Just like some salty sea dogs will take any port in a storm, there are painters out there that are still using a single roller cover for every type of paint and job.  It’s not that a general-purpose cover won’t get the job done, it’s just that some covers will do a much better (and faster) job than others.

Natural, synthetic, blended, deep or short naps, oh my!

A Brief Intro to Paint Roller Cover Materials

Generally speaking, paint roller covers can be divided into three main types: natural, synthetic and blended.  Natural covers are often made from animal products, like sheepskin or mohair, synthetics from lab-created materials such as nylon and polyester.  Blended are exactly what you’d think: a roller cover containing a mix of the two, often the mix is wool and polyester.

It should go without saying that your roller cover material should match that of your brush - if you’re using a natural hair brush, use a natural roller cover, too.  The closer the match, the more consistent the results with the paint you’re using.  After all, having to apply a new paint layer because your roller didn’t take the paint as well as your brush is a preventable waste of your time.

Roller Covers Versus Paint Types

Grabbing any old roller cover is a great way to have to redo a paint job, so it’s always best to choose one from the beginning that works with the paint you’re using.  Although there are often more specific matches provided by your favorite paint distributor, these rules of thumb can help you get on the right track.

1. Use a natural roller cover if you’re using oil-based finishes. Although they can be extremely durable, natural roller covers have a single Achilles Heel: water. Rather than rolling smoothly with latex or other water-based finishes, your natural covers will mat due to the swelling caused by the high water content.

2. Choose synthetic covers for latex. Latex is often a go-to paint for homeowners, but it has a place among professional painters, too. When you’re using latex, synthetic covers do great work since they don’t absorb water readily, they can be very inexpensive (depending on the nap and type you need) and they’re available in a slew of materials. Again, check your finish’s packaging for the ideal application materials.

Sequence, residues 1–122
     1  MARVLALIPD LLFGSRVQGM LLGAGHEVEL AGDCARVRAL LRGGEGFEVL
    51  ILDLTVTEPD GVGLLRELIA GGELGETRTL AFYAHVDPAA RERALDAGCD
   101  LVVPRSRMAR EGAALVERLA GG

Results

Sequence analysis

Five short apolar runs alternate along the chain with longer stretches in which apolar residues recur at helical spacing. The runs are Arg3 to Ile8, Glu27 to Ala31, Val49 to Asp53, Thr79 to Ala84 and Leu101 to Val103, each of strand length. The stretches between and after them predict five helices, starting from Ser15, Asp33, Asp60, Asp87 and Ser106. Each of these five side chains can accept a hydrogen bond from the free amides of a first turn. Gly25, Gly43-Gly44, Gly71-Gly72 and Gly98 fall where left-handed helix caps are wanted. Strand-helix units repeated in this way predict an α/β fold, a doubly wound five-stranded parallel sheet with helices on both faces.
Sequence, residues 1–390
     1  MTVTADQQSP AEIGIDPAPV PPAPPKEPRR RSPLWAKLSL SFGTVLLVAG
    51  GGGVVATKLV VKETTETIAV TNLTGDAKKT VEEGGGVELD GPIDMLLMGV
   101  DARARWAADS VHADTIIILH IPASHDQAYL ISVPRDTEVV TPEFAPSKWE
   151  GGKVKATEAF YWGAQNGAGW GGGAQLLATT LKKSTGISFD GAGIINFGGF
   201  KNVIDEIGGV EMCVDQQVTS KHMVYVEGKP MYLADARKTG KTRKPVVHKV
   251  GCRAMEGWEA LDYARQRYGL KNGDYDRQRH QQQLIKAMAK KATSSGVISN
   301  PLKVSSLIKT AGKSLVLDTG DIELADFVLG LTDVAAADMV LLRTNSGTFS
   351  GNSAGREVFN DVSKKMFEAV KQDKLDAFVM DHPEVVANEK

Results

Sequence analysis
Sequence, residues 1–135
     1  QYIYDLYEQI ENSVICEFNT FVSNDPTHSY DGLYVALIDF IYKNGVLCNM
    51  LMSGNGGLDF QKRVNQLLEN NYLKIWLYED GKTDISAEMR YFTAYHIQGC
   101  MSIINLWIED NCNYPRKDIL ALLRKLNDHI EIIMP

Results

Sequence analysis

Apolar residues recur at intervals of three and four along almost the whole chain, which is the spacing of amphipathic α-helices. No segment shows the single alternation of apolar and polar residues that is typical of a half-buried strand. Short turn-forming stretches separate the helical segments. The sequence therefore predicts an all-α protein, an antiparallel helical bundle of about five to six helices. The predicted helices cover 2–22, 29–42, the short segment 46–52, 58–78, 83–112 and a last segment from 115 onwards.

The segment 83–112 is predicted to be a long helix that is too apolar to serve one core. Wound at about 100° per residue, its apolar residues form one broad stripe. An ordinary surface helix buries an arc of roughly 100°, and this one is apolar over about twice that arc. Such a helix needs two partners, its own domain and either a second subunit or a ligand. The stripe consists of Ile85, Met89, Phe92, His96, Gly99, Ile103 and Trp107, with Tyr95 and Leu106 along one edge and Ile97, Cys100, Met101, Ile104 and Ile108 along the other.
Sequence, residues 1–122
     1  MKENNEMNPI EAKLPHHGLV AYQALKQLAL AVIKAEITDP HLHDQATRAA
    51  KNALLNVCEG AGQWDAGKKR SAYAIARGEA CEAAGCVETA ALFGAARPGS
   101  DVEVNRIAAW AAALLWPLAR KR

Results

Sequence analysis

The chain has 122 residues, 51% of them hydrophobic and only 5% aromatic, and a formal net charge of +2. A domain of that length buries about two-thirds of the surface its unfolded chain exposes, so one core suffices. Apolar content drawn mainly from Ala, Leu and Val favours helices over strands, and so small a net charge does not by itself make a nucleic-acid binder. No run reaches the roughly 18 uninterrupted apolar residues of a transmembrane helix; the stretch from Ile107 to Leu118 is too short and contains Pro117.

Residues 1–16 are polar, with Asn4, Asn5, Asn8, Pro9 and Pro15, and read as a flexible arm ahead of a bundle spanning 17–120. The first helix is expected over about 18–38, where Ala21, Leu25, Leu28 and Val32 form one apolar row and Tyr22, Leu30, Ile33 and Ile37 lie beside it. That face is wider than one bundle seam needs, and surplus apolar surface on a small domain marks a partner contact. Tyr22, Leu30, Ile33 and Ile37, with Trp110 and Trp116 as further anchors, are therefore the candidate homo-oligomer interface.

3. Blended covers are the best of both worlds in some ways. Although blended covers can be generally used with any sort of paint or finish, you may want to stick to a cover material more specific to your needs. Having a few blended covers around for general work or as backups for finishes you know have worked well together in the past isn’t a bad idea, though.
Although it’s a type of synthetic roller, foam can stand in a league of its own when it comes to roller cover material.  When you need to work with materials that have a high gloss finish and you need it to be as smooth as glass, look to your handy-dandy foam roller cover.

Talk to Your Paint Reps

Even if your paint rep isn’t your favorite person, they do have information provided by their company about the paints that are being sold.  When the manufacturer recommends a short nap microfiber for a particular paint line, it’s a good bet that this roller will do the very best job with the finish.  After all, the paint company wants you to buy more paint and you’re not going to do that if they recommend roller covers that make their new high-tech materials look like a kindergartener was let loose with a set of watercolors.

What kind of roller covers do you use most?  How do you pair them with your paints?

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